It was quite a shock the first time when I got up in the middle of the night to go to the loo and realised there was no night light for the hall. Then it became a more serious problem because I didn't remember where the light switch for the main light was nor the how many doors there were. Plus it's an L-shaped hall which added to the mystery (and the urgency).
First time in many, many years that my night adapted eyes left me totally blind.
Mine's the one with the emergency torch in the pocket :)
Nah, just give it a trendy name: Cloud IP.
As for the benefits of NAT, what benefits are there that a firewall can't do?
Although NAT does at least mean your computer can't be directly addressed at all whereas a firewall means that when it gets attacked it will block it. A rather silly analogy is this:
Well armoured and on a battlefield. (Firewall)
Invisible and several kilometres away from the battlefield (NAT)
Now granted a firewall gives added protection over and above just NAT. For instance it could trap anything - even virus infected attachments or spam email if it's well implemented. But would I rely solely on a firewall? Hmmm.
With IPv4 we can have firewall+NAT = two layers of protection.
With IPv6 we have one layer of protection.
I've been ready and prepared for a while. In fact I used to be with an ISP that offered dual stack. I got everything set up - even my email server although it could only send on IPv6 due to licensing restrictions(*). Then I moved from my niche ISP (IDNet) to a bigger ISP (PlusNet). They had an IPv6 trial. It closed to new applicants shortly before I joined and over 18 months later still shows no signs of going live.
(*)I'm a tight wad and couldn't see the point of paying an extra £10 just so I could receive from Google Mail using IPv6.
The "innovation" will allow 500 pilot users to take a photo instead of punching in PINs, a move MasterCard chief product security officer Ajay Bhalla says will be popular with youth.
Does 'youth' have enough money to make them a target in the first place? I reckon the 'no longer youth' crowd have more to protect and will be less impressed by this idea.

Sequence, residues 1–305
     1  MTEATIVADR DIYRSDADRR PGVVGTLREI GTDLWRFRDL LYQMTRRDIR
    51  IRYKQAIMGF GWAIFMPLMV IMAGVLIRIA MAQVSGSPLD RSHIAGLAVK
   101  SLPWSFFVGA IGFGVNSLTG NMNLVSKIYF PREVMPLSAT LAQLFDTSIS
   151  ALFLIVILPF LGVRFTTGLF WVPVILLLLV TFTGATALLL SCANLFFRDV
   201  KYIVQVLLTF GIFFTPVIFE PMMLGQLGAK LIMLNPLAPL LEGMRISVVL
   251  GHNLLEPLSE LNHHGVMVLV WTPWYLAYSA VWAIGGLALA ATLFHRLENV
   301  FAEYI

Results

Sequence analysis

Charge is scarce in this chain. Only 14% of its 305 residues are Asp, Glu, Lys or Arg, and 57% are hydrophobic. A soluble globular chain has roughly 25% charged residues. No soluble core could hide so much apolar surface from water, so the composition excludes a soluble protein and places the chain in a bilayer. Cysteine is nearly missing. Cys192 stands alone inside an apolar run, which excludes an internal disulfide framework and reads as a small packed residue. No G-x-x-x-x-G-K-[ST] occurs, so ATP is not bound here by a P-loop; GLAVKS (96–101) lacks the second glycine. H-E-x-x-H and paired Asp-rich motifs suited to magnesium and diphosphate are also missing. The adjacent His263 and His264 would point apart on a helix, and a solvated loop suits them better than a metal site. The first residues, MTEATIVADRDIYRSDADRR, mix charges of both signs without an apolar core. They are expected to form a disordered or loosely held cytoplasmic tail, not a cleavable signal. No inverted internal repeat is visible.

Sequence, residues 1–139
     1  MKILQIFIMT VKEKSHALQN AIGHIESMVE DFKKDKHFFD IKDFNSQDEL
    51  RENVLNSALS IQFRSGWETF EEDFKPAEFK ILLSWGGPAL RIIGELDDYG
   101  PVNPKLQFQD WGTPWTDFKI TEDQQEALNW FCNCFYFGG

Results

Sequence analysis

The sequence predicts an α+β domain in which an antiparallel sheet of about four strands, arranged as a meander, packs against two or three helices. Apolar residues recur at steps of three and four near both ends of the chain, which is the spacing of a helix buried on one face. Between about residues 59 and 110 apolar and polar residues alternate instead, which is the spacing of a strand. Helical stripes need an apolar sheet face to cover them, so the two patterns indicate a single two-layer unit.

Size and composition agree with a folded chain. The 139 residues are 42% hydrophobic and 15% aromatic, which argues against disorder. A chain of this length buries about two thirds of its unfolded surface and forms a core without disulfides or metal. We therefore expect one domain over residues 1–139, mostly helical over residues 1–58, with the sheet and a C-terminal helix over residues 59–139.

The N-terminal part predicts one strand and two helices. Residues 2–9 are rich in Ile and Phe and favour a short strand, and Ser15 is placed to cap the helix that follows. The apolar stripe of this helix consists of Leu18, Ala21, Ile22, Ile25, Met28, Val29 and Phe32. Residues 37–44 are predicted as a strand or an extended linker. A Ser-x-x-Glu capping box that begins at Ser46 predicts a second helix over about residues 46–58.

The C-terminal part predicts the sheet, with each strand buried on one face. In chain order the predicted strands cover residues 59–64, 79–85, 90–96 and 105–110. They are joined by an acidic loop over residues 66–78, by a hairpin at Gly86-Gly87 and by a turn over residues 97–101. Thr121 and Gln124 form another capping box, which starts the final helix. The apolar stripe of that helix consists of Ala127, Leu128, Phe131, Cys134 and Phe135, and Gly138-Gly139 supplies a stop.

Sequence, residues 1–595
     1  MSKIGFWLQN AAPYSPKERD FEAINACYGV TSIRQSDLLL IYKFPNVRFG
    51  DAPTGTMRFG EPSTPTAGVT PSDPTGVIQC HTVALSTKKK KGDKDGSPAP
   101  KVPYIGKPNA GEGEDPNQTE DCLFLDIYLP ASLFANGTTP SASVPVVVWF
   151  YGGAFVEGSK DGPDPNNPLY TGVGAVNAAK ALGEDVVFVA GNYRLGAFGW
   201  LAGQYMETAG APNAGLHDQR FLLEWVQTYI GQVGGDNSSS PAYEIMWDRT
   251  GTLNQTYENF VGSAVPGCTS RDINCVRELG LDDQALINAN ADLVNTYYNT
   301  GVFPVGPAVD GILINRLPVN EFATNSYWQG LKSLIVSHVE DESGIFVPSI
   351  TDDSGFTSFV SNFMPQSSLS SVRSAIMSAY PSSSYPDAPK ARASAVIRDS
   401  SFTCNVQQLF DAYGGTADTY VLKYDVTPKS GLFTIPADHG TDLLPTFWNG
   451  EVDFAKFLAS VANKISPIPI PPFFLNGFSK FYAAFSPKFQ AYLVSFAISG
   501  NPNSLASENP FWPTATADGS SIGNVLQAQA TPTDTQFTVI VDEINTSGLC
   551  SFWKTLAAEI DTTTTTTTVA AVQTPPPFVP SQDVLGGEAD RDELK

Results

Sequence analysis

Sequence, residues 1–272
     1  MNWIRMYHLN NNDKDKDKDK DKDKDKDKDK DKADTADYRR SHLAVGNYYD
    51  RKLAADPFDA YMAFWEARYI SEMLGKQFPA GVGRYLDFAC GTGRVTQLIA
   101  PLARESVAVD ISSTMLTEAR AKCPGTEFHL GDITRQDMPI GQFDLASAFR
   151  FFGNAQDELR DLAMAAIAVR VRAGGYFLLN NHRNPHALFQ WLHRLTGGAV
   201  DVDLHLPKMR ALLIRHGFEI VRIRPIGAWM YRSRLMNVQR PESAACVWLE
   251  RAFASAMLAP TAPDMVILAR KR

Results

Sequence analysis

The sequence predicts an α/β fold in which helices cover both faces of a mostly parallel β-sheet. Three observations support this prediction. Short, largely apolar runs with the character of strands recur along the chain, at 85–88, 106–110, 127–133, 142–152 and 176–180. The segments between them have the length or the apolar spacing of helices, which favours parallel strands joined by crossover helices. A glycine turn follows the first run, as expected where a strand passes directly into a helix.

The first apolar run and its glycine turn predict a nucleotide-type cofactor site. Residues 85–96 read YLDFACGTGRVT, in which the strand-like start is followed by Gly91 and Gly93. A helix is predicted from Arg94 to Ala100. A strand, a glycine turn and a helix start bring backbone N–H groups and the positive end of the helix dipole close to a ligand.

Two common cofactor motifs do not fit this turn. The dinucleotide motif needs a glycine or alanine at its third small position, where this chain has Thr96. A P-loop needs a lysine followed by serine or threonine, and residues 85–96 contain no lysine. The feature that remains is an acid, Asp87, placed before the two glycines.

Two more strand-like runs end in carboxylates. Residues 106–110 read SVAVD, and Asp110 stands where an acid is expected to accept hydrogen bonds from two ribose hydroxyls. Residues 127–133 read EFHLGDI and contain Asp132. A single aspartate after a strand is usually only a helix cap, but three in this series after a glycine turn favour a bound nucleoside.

So after all that what you think I should have done is, by and large, what I did do. I did chose braking heavily rather than bleeding off some speed earlier but then I was on my own and knew what my vehicle could do on that road so no harm done. I also thought that if I slowed on approach it might encourage them to pull out especially after they'd apparently seen me and come to a stop.
The only major difference is that you seem to think that overtaking is the preferred option to get out of trouble whereas I preferred to keep that in reserve in the event of my vehicle or the road catching me out. I would always far rather use my brakes that move out onto the opposite carriageway. For one thing there might have been people about and one of them might have thought the traction engine slow enough to let them dash out and cross the road in front of it. At the point of starting the overtake I'd have been relying on my memory telling me it was clear and that's far from ideal.
For another I so very rarely use my brakes in the first place. My idea of standing on the anchors is probably just standard fair for most drivers. I know my ABS didn't activate and I don't even think my seat belt locked.
Did you consider using your horn as an "audible warning of approach"?
No. If you've looked at the Street View links you'll see that the traction engine should have been able to see me approaching for several hundred metres or several seconds. Then there's the fact that they slowed and stopped, to all intents and purposes waiting for me to go past. When they actually started moving it was too late to sound the horn and anyway more important that I kept both hands on the steering wheel.
But you can make a Driving Plan which takes such possibilities into consideration to reduce the chances of you needing to "slam on the anchors".
Well you've suggested sounding the horn but I can hardly do that every time I approach a junction when a vehicle is waiting or I might end up being fined for excessive use. I'm not sure you understand that everything was tickety boo until the traction engine started moving when I was barely a hundred metres from it.
You've ruled out the straw man of driving everywhere at 30mph so what else is there? In fact why don't we use Street View to pose the question. Here's one of the views of that section of road (give or take a hundred yards). What speed would you be driving at this point? And following on from that - what are you going to do here if the Range Rover starts reversing out of the drive?
Now one answer is 'overtake' and indeed I was prepared to do that but I hope you'll concede that overtaking in that situation is a risky manoeuvre. It could make a bad situation even worse and if the vehicle (the Range Rover here) is going in the opposite direction it will block both lanes so you're screwed.
Perhaps you should try joining your local IAM group, you might learn differently.
The answer to Question 3 in this case is "that vehicle might pull out".
And..so what? What exactly are you expecting me to have done differently?
That's a wide open country road with good visibility. Here it is from the start of the derestricted zone with the entrance in question just visible in the distance (not easy to see with Street View but it's past the first of the rightward kinks in the distance. That's over 400 metres of wide open road. If I'd been driving at anything over 40mph I'd still have had to brake quite heavily. Are you suggesting that I should drive along wide open country roads at 30mph on the off-chance that some bell-end pulls out in front of me?